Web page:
Do today’s black athletes fall short on being socially responsible and aware? Pro football Hall of Famer Jim Brown‘s recent remarks about basketball star Kobe Bryant have sparked a debate around that question.
While on the Arsenio Hall Showlast week,Brown said that if he had to call together another summit of black athletes, like the one he called in 1967 to respond to support Muhammad Ali’s refusal to serve in the Vietnam War, Bryant would not be invited.
“He is somewhat confused about culture because he was brought up in another country,” said Brown, “so it doesn’t quite fit what’s happening in America.” He also said that Bryant, who recently returned to basketball after an injury, “threw Shaq under the bus.”
Take a look at Jim Brown’s comments below:
Bryant responded, by saying, “No matter where you come from, whether you come from Italy, whether you come from Inglewood, whether you come from London,….Ultimately the conversation is that it doesn’t matter what color skin you are to begin with.” While inviting a larger discussion about how foster progress, Bryant continued, “He and I, there’s no reason for us to try to have a conversation. We’re on opposite sides of the spectrum. I’m an old dog, but he’s a much older dog and a lot more set in his ways than I am.”
It’s not the first time that black sports legends have suggested members of the current generation of players are less politically aware than those who preceded them. In 2012, NBA great Kareem Abdul-Jabbar noted, “I don’t think it’s the same now. Being political is not seen as the wise thing to do.”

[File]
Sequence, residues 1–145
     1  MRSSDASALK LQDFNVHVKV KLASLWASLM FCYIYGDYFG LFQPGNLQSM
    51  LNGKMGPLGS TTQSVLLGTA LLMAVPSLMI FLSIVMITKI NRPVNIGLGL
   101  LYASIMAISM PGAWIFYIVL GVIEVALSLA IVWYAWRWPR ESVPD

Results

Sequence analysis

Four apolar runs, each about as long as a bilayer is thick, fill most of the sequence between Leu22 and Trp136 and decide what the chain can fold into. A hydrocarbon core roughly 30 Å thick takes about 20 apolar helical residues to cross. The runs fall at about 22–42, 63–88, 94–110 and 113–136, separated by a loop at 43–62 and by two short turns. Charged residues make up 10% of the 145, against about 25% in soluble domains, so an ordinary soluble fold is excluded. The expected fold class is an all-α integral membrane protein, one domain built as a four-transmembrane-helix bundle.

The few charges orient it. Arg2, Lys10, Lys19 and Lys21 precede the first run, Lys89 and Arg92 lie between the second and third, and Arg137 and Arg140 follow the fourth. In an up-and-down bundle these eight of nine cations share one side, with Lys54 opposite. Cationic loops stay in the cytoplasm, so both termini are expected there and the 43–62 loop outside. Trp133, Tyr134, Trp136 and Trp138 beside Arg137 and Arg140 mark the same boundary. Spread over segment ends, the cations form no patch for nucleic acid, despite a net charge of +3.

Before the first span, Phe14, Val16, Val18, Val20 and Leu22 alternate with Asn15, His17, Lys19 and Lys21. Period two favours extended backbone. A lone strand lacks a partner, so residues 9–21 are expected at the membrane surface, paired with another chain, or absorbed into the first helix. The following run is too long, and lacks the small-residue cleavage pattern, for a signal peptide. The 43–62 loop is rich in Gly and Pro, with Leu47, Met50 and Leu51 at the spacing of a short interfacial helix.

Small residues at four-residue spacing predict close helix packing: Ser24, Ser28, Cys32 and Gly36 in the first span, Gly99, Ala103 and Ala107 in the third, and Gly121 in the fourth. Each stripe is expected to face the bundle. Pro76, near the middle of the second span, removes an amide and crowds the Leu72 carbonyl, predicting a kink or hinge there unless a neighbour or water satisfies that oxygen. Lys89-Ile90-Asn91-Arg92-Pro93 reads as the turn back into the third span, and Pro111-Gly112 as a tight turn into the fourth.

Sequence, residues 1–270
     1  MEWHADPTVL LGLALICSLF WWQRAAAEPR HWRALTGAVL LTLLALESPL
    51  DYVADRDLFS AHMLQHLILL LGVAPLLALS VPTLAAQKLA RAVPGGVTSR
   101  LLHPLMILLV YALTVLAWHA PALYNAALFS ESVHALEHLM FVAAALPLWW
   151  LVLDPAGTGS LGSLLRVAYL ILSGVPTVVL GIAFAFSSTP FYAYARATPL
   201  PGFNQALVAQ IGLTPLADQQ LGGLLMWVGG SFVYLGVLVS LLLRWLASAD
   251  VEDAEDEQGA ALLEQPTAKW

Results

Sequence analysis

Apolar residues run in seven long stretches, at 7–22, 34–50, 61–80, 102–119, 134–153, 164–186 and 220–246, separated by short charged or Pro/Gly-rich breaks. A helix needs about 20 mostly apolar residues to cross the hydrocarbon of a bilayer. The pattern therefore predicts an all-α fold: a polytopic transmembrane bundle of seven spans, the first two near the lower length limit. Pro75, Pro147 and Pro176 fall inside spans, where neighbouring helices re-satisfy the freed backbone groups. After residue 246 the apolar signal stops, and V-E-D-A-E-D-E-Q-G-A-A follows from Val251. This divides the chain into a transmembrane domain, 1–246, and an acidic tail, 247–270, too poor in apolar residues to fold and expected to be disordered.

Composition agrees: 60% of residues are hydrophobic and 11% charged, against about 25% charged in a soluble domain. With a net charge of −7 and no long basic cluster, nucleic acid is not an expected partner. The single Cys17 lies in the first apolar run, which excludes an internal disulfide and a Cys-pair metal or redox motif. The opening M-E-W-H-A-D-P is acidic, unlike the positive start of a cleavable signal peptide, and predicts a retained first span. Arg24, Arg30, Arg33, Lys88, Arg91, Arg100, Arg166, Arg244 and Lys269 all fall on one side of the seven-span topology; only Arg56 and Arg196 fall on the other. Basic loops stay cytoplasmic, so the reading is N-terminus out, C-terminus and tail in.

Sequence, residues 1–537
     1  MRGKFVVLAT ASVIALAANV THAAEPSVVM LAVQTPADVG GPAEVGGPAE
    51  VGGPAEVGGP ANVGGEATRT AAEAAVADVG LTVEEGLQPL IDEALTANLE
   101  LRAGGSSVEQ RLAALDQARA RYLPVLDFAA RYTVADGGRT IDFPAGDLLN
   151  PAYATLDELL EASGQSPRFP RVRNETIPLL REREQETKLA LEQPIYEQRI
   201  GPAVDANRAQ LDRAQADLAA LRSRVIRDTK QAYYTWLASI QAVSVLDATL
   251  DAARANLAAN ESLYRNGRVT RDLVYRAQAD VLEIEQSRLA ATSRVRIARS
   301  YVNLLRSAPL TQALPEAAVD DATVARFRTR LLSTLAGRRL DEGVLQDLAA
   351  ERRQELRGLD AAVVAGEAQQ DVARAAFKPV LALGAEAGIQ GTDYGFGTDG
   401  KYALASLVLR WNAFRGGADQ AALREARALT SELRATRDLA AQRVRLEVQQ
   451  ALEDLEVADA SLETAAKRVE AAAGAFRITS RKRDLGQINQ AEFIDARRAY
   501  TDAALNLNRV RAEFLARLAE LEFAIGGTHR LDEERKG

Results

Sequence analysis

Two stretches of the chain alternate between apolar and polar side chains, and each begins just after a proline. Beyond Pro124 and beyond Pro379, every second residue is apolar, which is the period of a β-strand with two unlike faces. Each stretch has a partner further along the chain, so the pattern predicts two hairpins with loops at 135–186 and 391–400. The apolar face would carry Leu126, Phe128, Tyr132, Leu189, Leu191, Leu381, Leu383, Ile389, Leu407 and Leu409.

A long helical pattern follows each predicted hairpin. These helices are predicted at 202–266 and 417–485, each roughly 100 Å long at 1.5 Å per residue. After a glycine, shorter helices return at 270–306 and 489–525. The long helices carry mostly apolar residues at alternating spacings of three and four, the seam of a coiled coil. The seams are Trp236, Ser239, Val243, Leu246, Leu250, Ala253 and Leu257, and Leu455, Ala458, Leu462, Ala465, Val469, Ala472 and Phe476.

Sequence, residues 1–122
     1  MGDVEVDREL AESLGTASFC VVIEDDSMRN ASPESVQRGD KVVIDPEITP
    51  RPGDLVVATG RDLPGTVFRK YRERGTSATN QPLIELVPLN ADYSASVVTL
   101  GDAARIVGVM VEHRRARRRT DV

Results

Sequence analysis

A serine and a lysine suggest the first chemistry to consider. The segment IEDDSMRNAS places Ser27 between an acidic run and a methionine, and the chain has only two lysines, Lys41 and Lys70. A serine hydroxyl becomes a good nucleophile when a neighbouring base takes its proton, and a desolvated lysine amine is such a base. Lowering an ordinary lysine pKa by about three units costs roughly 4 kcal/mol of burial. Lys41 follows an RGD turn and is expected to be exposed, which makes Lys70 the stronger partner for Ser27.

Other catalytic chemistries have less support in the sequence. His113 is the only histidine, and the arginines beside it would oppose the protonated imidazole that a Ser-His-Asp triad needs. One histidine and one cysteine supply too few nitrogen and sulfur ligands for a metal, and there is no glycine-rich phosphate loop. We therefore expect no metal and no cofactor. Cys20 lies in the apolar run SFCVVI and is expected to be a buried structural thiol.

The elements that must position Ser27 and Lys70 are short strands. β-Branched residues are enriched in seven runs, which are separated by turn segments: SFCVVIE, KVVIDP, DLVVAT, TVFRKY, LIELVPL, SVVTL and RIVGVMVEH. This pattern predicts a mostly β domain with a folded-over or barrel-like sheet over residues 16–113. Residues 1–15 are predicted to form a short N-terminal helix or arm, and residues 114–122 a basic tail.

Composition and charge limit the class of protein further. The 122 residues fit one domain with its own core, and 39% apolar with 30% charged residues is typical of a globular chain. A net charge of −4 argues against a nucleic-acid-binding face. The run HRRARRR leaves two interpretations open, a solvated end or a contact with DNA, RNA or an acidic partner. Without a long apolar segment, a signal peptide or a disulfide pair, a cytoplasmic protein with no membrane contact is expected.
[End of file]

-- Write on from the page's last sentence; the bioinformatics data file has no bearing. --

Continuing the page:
But former NBA player Etan Thomas says that kind of comparison isn’t fair. “We’re painting the entire illustrious roster of current black athletes in one way, one broad brush of ridicule,” said Thomas, speaking on NewsOne Now with Roland Martin. “There’s exceptions. Everybody back in the ’60s, back in the day, was not like Jim Brown and Bill Russell and John Carlos.”
Thomas defended younger players with a recent example by the Miami Heat players. “When LeBron and D-Wade and all of them stood up for Trayvon Martin in that iconic [hoodie] picture because … you are the main attraction in Florida, you are the defending champions. And for you to not only take the picture, which is iconic, but for you to go around and make statements of why you took the picture of how it personally affected you — that brought an awareness, especially to a younger generation.”
Thomas also noted how selective the media’s attention can be. “If an athlete will do something negative, that will be on the top of SportsCenter,” he noted “That will be on the top of ESPN immediately. Let them do something positive, you don’t really see that.”
However, “New York Times” writer William C. Rhoden, who spoke on NewsOne Now separately, said there needs to be a more coordination by black athletes around important issues. “The guys are doing bits and pieces, things here and there, but there is no concerted, universally-accepted protest,” he remarked.